By Peter Gleason
Irv Cross replaced the legendary Tom Brookshier in the Eagles defensive backfield when Brookie suffered a career-ending injury.
And he quickly was dubbed “Paperhead” by his teammates because he often led with his helmet and suffered many concussions.
Andnow Cross, who is 79, has said he will donate his brain to Boston University researchers so they can study it for CTE, the brain disease that has plagued hundreds of former NFL players and has been linked to concussions and repeated blows to the head.
Cross told the Inky that he’s been diagnosed with mild cognitive dementia, which has caused him to stop reading and driving.
A former cornerback for the Eagles and Los Angeles Rams in the 1960s, Cross transitioned to the television booth and worked with CBS until 1994.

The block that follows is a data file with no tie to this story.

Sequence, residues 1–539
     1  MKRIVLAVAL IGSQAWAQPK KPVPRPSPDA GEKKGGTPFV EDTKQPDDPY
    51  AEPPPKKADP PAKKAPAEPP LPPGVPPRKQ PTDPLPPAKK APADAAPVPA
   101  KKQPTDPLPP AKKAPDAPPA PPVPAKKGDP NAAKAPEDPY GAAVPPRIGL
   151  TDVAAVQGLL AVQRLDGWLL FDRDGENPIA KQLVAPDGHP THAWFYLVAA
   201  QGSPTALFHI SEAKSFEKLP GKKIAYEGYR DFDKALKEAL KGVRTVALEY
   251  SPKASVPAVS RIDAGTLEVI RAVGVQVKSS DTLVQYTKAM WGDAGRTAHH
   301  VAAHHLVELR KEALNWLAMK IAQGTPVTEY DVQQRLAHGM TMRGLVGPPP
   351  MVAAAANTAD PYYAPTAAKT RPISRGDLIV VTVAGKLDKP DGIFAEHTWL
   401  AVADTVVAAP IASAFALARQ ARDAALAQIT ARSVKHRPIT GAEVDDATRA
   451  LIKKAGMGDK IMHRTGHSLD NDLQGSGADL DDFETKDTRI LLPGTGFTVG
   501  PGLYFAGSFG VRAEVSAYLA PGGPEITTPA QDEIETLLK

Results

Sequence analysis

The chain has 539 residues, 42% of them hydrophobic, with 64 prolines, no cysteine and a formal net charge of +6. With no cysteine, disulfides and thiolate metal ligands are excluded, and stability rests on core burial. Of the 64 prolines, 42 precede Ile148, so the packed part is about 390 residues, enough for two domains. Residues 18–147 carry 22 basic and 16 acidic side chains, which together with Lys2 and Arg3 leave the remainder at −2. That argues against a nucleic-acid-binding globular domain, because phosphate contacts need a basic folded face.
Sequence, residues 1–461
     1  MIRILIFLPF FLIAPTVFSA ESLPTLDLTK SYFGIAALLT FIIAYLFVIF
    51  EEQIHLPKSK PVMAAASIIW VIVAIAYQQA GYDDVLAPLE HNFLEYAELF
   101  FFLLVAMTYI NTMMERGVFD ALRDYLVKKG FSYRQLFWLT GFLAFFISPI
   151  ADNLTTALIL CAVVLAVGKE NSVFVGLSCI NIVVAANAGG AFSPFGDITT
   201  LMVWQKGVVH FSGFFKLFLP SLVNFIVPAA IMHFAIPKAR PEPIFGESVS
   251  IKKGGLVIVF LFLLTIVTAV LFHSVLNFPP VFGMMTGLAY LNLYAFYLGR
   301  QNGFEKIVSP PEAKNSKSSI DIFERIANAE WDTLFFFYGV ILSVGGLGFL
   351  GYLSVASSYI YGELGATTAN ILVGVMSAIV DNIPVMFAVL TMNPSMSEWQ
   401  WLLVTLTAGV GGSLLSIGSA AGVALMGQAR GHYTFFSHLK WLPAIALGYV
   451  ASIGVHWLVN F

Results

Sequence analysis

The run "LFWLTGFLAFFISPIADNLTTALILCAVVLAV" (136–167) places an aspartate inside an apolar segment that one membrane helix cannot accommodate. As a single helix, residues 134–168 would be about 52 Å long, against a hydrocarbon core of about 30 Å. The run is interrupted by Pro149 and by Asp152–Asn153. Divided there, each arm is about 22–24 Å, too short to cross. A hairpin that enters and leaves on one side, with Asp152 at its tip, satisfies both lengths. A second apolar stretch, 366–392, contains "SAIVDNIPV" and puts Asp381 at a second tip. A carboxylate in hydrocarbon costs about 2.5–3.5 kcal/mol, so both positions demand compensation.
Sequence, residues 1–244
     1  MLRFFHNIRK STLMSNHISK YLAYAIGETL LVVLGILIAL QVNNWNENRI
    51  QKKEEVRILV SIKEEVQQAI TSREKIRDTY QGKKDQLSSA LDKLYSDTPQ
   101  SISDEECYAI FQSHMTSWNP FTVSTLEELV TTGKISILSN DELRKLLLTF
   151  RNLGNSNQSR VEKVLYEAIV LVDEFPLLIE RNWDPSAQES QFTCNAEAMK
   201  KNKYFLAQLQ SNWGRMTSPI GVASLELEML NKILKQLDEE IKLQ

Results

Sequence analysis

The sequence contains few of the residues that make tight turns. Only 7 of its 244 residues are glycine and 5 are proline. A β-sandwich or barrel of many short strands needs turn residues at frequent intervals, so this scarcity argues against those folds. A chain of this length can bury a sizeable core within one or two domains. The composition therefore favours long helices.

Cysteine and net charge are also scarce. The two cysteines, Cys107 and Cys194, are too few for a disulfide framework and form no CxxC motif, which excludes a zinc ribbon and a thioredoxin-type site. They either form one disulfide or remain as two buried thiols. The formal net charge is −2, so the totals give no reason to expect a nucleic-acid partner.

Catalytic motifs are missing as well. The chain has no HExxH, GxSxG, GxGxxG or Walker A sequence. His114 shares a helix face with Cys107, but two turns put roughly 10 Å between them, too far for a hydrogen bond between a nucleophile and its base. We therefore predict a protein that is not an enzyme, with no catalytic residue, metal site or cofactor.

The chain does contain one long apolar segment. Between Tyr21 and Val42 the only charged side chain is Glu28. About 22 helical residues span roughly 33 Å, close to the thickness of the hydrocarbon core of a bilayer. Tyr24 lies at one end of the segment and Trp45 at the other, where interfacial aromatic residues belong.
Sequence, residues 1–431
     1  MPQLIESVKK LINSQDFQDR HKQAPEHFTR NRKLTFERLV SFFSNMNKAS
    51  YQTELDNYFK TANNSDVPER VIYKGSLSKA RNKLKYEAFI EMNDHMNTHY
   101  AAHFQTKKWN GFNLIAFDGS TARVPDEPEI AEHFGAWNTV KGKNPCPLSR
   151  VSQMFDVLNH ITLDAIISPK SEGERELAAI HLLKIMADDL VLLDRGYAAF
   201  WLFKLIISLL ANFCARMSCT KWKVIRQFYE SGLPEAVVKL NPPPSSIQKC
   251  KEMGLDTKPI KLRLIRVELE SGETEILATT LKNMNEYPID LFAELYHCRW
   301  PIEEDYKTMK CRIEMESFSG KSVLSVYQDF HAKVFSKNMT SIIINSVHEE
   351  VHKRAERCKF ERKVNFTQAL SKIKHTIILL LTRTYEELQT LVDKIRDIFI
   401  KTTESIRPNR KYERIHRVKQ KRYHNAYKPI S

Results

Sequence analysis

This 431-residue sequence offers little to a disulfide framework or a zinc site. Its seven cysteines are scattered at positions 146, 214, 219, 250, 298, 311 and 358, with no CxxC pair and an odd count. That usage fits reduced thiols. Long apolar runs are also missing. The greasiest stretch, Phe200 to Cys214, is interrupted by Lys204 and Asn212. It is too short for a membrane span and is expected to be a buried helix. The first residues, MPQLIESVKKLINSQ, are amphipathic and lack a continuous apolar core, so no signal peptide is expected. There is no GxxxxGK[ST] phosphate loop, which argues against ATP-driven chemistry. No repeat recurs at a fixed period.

His physical brand of football was a result of not knowing the consequence of repeated blows to the head. After getting knocked unconscious during his rookie season, a team doctor told him that another “substantial blow” could kill him.
“I had a helmet made with a little extra padding and played,” he said. “I just tried to keep my head out of the way while making tackles. But that’s just the way it was. Most of the time they gave you some smelling salts and you went back in. We didn’t know.”
The NFL has tried implementing measures to make the game safer – including one this year mandating players not lead with their heads – but Cross implied it’s a futile effort.
“I understand what they’re trying to do,” he said. “They say you’ve got to keep your head out of the vicinity of the play. But how do you do that? I really don’t know how you’re supposed to make a tackle these days.”